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Debate continues over future of embattled Dunn landfill in Rensselaer

WAMC File Photo

Since the S.A. Dunn Landfill opened in 2015 on the site of a former sand and gravel mine bordering Rensselaer City schools, there have been concerns about student health and safety, with complaints of foul odors at the schools and noisy heavy truck traffic spewing air pollution through neighborhoods along the route to the site.

In March, The Rensselaer School Board joined the call to shut the landfill down, and recently held a public informational meeting with the Rensselaer Environmental Coalition at Rensselaer High School on Dunn's permit renewal process, aimed at getting more people to participate. The landfill's existing permit expires in mid-July.

During the meeting that lasted over two hours, New England Public Employees for Environmental Responsibility Director Kyla Bennett told attendees alarming levels of PFOA and PFOS are coming off the landfill.

"Which is being breathed by the residents and the people who go to that school," said Bennett. "It's likely it's in the soil. So if you're growing vegetables, I don't think I would eat them. It's in the water. Remember the Hudson River, the effluent from the wastewater treatment plant in Albany goes into the Hudson River and that provides drinking water supply for 500,000 people. ... Dunn landfill is a source of PFAS for both the city of Rensselaer and the Hudson River. The routes of exposure may include dust, the soil, the water, vegetables and fruits that you grow kids playing in the soil or sandboxes whatever around that area, you will be exposed. “

A woman who answered the phone at Dunn Landfill said the company had no comment on the meeting.

Additional information about the PFAS study at the Dunn Landfill can be found at: https://www.dec.ny.gov/chemical/117071.html#PFAS

Todd Rutecki, with PARK, Parents Association for Rensselaer Kids, says the marathon session didn't break any new ground, but says landfill opponents are staying organized.

"It was helpful if you're, if you were uninformed, it was repetitious if you've been following the story... We know and I think everybody would agree that the landfill should have never been placed where it was," said Rutecki. "Our group has been focused primarily on safety. And the safest landfill is the one that was never built. The next safest is the one that is closed. We think that the data is on our side to get it closed. And these decisions follow a rule of law. And we've been focused on the data. And, you know, the DEC has a mountain of data that they've collected over a few years. We've reviewed it internally, we've asked outside counsel, we believe that we can make a case and public hearing during the review. And we believe that the data is on our side, in terms of achieving our objectives."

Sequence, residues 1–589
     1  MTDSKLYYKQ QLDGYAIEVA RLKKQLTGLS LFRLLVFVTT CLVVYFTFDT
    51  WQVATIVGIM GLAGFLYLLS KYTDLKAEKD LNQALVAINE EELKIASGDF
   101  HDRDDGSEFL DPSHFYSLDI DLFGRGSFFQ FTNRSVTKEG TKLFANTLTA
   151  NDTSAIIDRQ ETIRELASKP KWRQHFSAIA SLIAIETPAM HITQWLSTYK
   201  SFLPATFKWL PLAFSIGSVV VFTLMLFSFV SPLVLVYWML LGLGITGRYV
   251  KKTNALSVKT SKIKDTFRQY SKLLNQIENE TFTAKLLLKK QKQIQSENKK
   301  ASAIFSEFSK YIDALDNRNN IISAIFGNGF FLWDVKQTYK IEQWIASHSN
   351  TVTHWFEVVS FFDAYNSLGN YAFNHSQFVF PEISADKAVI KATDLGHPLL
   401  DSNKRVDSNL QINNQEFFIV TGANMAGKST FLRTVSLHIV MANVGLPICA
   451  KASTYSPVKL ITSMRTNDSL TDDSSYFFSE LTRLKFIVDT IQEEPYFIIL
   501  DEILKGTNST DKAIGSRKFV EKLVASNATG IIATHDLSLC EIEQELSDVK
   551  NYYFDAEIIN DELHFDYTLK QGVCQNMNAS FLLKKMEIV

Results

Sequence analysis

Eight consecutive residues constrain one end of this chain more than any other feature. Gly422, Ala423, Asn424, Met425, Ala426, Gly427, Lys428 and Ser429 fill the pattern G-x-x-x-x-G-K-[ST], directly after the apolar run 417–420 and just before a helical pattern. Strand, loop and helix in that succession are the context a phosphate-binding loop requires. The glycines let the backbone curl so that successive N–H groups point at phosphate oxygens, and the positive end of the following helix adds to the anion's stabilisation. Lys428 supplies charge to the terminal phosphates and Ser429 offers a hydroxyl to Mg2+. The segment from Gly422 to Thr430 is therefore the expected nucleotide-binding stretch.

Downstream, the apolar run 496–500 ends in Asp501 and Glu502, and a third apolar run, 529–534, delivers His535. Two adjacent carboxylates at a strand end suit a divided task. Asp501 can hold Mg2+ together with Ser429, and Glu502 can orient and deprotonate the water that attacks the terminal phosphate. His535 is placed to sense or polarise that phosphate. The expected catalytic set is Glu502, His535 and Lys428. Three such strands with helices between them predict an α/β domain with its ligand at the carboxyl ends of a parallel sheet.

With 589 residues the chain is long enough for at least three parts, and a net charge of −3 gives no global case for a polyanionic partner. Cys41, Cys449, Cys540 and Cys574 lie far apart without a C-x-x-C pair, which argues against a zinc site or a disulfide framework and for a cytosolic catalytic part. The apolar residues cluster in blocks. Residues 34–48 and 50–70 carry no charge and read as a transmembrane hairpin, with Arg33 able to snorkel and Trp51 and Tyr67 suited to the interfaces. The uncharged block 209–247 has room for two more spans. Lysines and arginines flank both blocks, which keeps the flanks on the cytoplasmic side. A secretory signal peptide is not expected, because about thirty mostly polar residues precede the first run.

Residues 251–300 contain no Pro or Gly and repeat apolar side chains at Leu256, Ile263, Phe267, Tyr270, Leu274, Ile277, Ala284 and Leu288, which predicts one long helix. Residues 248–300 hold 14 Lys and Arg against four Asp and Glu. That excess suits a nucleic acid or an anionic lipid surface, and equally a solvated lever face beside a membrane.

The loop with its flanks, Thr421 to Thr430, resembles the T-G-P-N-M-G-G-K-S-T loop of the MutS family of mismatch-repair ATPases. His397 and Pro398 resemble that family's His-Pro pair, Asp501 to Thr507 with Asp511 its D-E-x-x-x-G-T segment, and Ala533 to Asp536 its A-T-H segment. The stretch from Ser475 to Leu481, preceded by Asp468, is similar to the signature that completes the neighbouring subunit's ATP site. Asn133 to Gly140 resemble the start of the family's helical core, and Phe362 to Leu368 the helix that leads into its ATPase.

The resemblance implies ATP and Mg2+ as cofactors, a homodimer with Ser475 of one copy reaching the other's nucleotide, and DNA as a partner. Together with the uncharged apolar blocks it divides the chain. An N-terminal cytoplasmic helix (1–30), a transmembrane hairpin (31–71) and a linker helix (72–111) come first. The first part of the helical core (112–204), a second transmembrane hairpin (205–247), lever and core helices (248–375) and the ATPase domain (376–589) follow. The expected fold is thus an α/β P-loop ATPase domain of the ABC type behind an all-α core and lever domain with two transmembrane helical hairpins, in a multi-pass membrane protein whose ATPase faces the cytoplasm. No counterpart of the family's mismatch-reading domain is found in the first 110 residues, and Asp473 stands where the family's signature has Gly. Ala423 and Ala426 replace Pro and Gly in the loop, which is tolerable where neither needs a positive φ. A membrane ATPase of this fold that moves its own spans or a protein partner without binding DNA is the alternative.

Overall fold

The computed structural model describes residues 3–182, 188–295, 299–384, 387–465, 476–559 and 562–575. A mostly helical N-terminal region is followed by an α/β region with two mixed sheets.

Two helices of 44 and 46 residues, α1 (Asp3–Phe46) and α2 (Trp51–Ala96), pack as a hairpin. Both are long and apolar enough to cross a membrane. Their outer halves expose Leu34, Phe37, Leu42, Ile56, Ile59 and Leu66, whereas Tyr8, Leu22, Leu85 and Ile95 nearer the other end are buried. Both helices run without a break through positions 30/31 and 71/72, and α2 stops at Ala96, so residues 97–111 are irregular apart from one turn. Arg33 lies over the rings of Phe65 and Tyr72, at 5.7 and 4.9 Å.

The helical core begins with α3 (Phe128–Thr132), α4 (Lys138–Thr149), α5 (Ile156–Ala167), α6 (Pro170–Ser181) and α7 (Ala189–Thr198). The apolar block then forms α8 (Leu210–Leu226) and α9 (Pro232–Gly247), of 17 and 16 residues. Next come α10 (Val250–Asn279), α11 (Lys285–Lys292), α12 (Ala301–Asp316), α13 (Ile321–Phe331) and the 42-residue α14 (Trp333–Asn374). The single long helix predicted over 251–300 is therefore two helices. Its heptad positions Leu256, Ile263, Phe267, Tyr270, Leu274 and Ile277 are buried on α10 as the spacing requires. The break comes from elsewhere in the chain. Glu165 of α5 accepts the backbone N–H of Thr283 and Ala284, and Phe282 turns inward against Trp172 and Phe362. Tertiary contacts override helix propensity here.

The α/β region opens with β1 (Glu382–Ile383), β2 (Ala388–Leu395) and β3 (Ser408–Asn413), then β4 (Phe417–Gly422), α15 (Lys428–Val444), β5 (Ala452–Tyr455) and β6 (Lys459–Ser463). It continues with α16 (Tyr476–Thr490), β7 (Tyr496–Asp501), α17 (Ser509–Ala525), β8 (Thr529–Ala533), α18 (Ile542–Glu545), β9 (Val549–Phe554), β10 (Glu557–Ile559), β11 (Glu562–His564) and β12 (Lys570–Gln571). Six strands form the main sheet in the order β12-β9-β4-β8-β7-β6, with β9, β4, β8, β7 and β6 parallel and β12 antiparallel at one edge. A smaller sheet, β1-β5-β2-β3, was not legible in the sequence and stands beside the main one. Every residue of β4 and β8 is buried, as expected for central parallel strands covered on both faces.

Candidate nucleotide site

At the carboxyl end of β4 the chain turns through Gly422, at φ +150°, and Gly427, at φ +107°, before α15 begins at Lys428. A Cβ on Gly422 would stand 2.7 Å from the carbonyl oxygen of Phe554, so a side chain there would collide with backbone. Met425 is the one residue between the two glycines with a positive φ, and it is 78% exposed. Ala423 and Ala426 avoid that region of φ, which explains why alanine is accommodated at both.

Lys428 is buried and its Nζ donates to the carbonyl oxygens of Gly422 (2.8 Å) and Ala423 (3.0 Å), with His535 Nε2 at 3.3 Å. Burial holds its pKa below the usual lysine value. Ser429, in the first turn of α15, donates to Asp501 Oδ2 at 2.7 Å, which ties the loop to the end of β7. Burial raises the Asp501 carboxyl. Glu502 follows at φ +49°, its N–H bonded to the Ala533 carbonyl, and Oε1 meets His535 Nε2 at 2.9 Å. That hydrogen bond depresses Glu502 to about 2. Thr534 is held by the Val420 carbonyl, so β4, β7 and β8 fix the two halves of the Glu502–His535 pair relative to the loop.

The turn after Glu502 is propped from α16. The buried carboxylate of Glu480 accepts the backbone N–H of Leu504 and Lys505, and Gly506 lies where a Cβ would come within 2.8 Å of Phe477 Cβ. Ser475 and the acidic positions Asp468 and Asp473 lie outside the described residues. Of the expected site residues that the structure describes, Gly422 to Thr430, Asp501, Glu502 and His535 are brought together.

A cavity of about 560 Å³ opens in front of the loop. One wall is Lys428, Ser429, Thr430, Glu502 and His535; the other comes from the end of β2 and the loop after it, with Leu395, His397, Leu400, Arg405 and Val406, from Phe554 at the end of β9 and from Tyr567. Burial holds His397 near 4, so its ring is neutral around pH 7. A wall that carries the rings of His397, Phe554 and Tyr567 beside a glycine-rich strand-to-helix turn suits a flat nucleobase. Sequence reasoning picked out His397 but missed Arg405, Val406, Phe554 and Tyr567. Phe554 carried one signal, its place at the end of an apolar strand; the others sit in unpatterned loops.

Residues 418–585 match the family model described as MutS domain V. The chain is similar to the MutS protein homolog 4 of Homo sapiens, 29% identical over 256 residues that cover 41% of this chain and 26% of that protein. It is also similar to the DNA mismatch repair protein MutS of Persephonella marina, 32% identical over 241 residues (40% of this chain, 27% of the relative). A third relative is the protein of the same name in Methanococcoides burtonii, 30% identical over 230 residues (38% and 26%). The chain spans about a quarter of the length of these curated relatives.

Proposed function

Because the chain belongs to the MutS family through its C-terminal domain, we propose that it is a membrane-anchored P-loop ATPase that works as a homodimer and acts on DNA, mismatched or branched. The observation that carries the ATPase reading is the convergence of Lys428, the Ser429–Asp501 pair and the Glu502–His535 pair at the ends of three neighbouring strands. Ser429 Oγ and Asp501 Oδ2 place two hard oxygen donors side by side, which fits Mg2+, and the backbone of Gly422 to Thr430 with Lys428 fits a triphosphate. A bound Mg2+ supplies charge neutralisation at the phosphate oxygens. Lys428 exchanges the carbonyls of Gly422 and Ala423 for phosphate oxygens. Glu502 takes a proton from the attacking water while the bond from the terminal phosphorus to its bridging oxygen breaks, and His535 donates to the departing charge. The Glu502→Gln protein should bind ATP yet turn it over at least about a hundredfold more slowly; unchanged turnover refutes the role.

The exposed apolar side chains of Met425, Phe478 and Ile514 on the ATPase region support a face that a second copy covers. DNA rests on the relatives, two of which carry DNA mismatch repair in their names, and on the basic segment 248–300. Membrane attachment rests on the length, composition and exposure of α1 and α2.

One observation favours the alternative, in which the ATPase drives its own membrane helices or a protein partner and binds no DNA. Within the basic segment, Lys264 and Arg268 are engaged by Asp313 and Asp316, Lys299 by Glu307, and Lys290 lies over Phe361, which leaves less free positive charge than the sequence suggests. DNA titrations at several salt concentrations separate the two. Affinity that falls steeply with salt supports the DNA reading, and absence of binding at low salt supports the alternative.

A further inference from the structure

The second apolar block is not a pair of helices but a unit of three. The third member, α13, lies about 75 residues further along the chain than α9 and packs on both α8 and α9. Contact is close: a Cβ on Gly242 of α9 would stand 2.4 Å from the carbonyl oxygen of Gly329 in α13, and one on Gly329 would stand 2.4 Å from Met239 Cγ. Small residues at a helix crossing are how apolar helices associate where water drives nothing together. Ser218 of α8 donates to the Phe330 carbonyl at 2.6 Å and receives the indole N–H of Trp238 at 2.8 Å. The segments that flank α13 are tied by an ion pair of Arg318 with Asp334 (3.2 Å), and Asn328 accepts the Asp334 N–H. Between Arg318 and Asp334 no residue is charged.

Rutecki says parents welcome the New York State Department of Environmental Conservation review of the landfill’s operating permit. He says opponents want Dunn closed permanently. The question is when.

"I think it will take as long as it takes," Rutecki said. "You know, there were some delays in terms of the application process, some reviews. I wouldn't expect to hear your final answer until later this year. I think these things go as I have been telling a few folks. It's a process, not an event. As long as folks in the community, our families, our parents have an opportunity to speak and make sure their voices have heard. We think we can make a good case to have the landfill closed."

In response to a request for comment, DEC sent a statement via email, which says in part "The Dunn landfill must operate according to DEC’s stringent permit conditions and other requirements DEC has put in place. In addition to DEC’s regular and off-hour inspections, the full-time on-site monitor, and ongoing air monitoring, the facility is required to cover construction and demolition waste daily. DEC will continue to provide strict oversight of operations at the facility to ensure public health and the environment are protected and we remain committed to working with the community to address their concerns."

S.A. Dunn & Company, LLC submitted it's renewal application to NYSDEC. The permit renewal will not change or expand its current mining or C&D operations. The application also includes a modification to the facility to include an earth berm along to the northern and eastern side of the site that will reduce its visibility from the north. Permit application documents are available for review at the site, the Rensselaer Public Library, the NYSDEC Region 4 offices or website (https://www.dec.ny.gov/chemical/117071.html#Permit) or by clicking on “Permit Renewal Application” above. An information session will be held on June 14, 2022 from 7PM to 9PM at the Rensselaer City School Auditorium for community members interested in hearing about the facility and the permit renewal process. The informational session will also be accessible virtually on June 14, 2022 from 7PM to 9PM at https://wasteconnections.zoom.us/j/91932452654 or by telephone at (929) 436-2866.

Dave Lucas is WAMC’s Capital Region Bureau Chief. Born and raised in Albany, he’s been involved in nearly every aspect of local radio since 1981. Before joining WAMC, Dave was a reporter and anchor at WGY in Schenectady. Prior to that he hosted talk shows on WYJB and WROW, including the 1999 series of overnight radio broadcasts tracking the JonBenet Ramsey murder case with a cast of callers and characters from all over the world via the internet. In 2012, Dave received a Communicator Award of Distinction for his WAMC news story "Fail: The NYS Flood Panel," which explores whether the damage from Hurricane Irene and Tropical Storm Lee could have been prevented or at least curbed. Dave began his radio career as a “morning personality” at WABY in Albany.